Trans-fats are another type of fat that you should aim to minimise in your diet. They are produced in certain types of food processing. They have been shown to raise LDL in the same way that saturated fats do. In high intakes they’ve also been shown to lower High Density Lipoprotein (HDL) which may also increase the risk of heart disease. HDL is also a transporter of fat, the difference between HDL and LDL is that instead of depositing cholesterol around the body like LDL, HDL collects excess cholesterol and transports it back to your liver to be recycled or excreted, instead of leaving it in your arteries where it can cause damage. Trans-fats also appear to increase inflammation and promote insulin resistance. There are small amounts of naturally occurring trans-fat in some meat and dairy products. It’s not yet known if these naturally occurring trans-fats have the same effect as those made during food processing. The USA is leading the way on controlling the use of trans-fat in processed foods, and by January 2020 they should be eliminated from all processed foods. In the meantime it’s worth reading the nutrition data on packaged foods.
Healthy fats and where do we find them?
Monounsaturated oils tend to have the opposite effect on cholesterol to saturated fats. They have been shown to raise the level of High Density Lipoprotein (HDL) in your blood, which helps to keep your arteries clear of the dangerous build-ups of cholesterol that can cause atherosclerosis. Having the correct balance between HDL and LDL is very important, they both have really important jobs to do and when they work together in the right amounts, they keep things working how they should. Monounsaturated fats are found in olive oil, nuts, peanuts, avocado and some seeds (safflower, sunflower, sesame and canola) and the oils produced from these seeds.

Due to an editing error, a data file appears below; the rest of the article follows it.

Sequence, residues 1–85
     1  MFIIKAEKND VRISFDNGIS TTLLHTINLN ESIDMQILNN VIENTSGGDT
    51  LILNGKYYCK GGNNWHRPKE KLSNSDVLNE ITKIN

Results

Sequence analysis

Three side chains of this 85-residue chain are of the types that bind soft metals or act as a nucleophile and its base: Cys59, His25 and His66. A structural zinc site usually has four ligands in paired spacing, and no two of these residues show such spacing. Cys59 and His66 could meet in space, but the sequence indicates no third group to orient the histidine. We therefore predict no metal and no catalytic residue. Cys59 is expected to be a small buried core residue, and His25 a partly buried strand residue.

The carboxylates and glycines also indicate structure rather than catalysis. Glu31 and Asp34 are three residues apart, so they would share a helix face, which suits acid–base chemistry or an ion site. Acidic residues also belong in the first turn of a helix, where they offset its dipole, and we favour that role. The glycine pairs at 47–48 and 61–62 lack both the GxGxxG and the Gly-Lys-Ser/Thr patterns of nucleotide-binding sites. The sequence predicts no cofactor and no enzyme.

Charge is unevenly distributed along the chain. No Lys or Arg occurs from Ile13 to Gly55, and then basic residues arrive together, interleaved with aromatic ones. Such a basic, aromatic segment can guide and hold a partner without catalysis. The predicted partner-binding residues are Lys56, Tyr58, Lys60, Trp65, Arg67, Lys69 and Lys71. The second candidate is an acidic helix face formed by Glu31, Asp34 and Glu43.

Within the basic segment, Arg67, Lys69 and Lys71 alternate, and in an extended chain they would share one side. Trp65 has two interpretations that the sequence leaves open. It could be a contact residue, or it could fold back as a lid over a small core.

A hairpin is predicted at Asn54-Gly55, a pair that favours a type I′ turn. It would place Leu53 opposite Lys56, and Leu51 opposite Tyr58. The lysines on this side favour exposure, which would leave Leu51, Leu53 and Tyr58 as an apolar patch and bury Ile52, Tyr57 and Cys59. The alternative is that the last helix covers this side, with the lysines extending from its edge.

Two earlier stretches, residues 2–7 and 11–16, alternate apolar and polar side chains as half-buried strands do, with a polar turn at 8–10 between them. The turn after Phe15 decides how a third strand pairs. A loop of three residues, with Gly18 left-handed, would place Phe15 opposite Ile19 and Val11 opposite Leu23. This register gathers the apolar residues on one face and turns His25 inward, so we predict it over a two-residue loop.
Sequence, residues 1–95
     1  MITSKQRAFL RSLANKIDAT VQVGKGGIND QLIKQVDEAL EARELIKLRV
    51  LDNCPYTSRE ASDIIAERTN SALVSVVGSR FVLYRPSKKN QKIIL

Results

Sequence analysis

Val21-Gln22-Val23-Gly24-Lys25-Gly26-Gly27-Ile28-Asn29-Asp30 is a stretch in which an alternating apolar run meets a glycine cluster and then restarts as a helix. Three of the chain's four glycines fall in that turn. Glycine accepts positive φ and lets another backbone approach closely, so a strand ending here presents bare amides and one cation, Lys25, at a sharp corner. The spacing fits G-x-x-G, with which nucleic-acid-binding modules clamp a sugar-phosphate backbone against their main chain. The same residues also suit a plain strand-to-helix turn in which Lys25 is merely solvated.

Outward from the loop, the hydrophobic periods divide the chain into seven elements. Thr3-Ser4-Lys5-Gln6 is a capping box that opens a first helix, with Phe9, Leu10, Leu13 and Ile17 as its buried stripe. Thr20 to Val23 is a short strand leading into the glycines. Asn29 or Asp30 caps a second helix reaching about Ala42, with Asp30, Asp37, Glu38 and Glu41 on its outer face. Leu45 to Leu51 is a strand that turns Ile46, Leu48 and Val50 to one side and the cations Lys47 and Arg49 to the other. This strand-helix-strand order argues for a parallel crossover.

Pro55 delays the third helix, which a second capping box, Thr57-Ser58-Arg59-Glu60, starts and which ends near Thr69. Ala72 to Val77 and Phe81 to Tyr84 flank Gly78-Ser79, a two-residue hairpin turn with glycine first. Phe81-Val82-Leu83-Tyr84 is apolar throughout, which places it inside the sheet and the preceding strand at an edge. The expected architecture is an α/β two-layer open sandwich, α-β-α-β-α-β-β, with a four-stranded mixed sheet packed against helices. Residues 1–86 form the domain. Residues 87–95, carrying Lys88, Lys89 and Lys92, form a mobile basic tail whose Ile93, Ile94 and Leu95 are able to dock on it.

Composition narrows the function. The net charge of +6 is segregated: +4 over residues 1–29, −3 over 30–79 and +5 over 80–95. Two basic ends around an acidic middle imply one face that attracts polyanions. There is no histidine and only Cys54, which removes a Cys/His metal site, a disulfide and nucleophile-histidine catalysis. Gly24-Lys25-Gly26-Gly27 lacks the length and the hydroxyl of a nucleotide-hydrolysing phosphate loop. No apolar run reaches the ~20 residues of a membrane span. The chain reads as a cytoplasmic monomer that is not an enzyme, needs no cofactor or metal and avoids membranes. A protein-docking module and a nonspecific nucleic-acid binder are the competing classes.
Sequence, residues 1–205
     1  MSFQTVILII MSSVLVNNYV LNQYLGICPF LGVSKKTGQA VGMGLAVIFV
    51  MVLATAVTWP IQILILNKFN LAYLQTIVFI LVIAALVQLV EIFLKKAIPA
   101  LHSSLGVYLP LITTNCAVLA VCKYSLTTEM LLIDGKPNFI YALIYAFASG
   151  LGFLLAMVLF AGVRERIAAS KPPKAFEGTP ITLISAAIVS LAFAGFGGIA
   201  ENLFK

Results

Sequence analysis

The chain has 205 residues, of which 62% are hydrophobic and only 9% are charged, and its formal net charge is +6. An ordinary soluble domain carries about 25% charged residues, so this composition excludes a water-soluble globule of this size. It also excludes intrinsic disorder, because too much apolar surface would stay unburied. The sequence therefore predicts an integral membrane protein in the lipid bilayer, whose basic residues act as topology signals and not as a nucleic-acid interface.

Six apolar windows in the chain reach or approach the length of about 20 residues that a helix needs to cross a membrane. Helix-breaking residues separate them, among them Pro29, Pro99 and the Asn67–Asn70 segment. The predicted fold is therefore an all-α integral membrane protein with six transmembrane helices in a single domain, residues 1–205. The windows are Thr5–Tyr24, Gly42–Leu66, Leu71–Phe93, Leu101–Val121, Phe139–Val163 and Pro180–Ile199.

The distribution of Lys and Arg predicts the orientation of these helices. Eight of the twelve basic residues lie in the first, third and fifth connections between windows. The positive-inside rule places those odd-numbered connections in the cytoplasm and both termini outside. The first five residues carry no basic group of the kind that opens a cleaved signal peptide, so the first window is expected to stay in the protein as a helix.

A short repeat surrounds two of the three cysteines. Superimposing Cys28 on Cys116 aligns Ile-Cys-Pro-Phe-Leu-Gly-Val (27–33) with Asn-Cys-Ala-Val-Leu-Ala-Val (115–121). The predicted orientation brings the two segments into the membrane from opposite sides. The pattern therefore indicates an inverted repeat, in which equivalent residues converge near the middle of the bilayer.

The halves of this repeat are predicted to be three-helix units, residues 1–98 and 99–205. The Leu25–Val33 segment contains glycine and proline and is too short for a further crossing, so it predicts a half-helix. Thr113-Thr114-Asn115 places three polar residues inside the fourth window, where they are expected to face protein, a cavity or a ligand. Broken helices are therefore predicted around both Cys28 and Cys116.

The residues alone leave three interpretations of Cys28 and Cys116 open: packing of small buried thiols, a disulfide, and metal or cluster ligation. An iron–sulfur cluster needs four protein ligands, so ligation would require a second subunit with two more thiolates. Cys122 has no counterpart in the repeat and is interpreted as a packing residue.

Essential Fatty Acids
The polyunsaturated fatty acids Linoleic Acid and Linolenic Acid need to be supplied in our diet. They are essential fatty acids. They are essential because our body doesn’t have the ability to produce sufficient amounts to meet our physiological needs. We can however produce the longer chained polyunsaturated oils EPA, DHA and arachidonic from these essential oils. The long chained omega 3 polyunsaturated fatty acids EPA and DHA are needed for normal growth and development, especially for the brain and eyes. EPA and DHA can also be obtained directly from certain foods. Good sources of these long chained polyunsaturated fatty acids are fatty fish like salmon, tuna, mackerel, sardines and herring. The omega 6 oils are found in vegetables and seeds. They have been shown to have an effect on lowering both LDL and HDL. The omega oils also play a role in controlling the inflammatory response in our body.
Simple Guidance for a Healthy Diet
You’re probably thinking great! Now I not only have to worry about how much fat I have in my diet, I have to make sure I’m getting the right amount of the right types of fats!! The diet and weight loss industry has done a really good job of confusing and over complicating what a healthy diet looks like! It’s pretty simple really. Eat a variety of fresh produce (around 70% of your intake from plant based foods), don’t over eat, and keep highly processed and packaged foods to a minimum. That’s basically what’s recommended in dietary guideline available from governments in the USA, Australia, the UK and most European countries. If you base your diet around these guidelines, you’ll be ticking all the right boxes as far as healthy fats and not so healthy fats go. Links to dietary guidelines for the USA, Australia and the UK are listed below.